For further explanation see this:

            Indeed, the health care bill does not include the odious provisions as campaigned on by Republicans and teabaggers. While some lamentation might seem appropriate,  William Saletan on Slate has a different take. He views the passage of health care as a major accomplishment and a triumph for Pelosi, Reid and the Democrats. Not only was it a triumph, but if passage did lead to a defeat at the polls, the triumph was worth every lost seat.

                   There are so many good things in the law that repeal would be almost criminal. The “doughnut hole” in prescription drug coverage has been closed meaning many seniors can now afford to get their prescriptions filled when needed, rather than when they can afford them. Young adults can remain on their parents’ policy.  Pre-existing conditions in children can now be covered. There are many other benefits.

              The depiction of the health care reform act as evil and socialist and a government takeover was nothing but lies. I don’t know how many folks voted against Democrats because of the view they were presented, but I have no doubt it was substantial.

              Shame on the politicians for promulgating these lies, the Republican and Tea Parties for financing these misleading ads, and the voters who made no effort to determine the truth, but let misinformation and fear rule. The nest two years will expose those lies more fully and the millions who voted against their own self-interest will be wishing for the good old days.

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  • Betsy  On November 8, 2010 at 1:01 PM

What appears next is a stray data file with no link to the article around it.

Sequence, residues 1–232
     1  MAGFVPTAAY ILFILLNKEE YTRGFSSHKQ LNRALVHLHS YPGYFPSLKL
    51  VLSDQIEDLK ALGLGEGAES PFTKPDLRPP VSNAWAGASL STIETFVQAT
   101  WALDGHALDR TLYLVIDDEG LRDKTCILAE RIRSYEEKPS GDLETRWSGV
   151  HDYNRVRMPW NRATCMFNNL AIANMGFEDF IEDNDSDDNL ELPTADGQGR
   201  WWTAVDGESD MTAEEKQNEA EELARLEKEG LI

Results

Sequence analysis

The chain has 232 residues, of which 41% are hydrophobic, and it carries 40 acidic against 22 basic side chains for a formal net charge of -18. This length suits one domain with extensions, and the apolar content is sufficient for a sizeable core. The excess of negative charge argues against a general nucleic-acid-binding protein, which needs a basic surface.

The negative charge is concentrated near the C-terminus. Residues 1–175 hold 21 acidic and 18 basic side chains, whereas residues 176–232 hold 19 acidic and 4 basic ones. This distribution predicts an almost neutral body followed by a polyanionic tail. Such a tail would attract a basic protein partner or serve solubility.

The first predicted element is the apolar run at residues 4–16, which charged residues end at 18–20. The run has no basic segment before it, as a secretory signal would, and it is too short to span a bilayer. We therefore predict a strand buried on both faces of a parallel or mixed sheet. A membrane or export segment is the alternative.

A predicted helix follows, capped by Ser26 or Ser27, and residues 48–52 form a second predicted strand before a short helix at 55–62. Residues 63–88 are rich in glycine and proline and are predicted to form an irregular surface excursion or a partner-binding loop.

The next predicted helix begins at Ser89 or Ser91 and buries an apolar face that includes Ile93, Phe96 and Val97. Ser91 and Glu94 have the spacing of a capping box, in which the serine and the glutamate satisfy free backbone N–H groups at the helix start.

I have no problem with cuts in Medicare growth. However, has anyone addressed that these cuts will be coming at the same time that millions of baby boomers will be signing up?

    • umoc193  On November 8, 2010 at 1:29 PM

      The estimates for growth in Mediacre payments I cited were for what it is expected to cost by 2020. Without it being specified I would imagine that figure would include expenditures for new retirees as well. But many of the cuts are in the provider payments in the Medicare Advantage plans which will gradually be lowered to bring them in line with regular Medicare. Those plans, of course, are with private insurance companies and often have a greater level of benefits for their policy holders than are available to regular Medicare enrollees such as myself.
      Importantly the attack ads characterized the health care law as gutting Medicare with the implication that care would suffer. A specific provision, however, guarantees no loss of care benefits. Those ads were a scare tactic that, in the best case, gave an accurate figure, but did not even come close to explaining what these cuts are.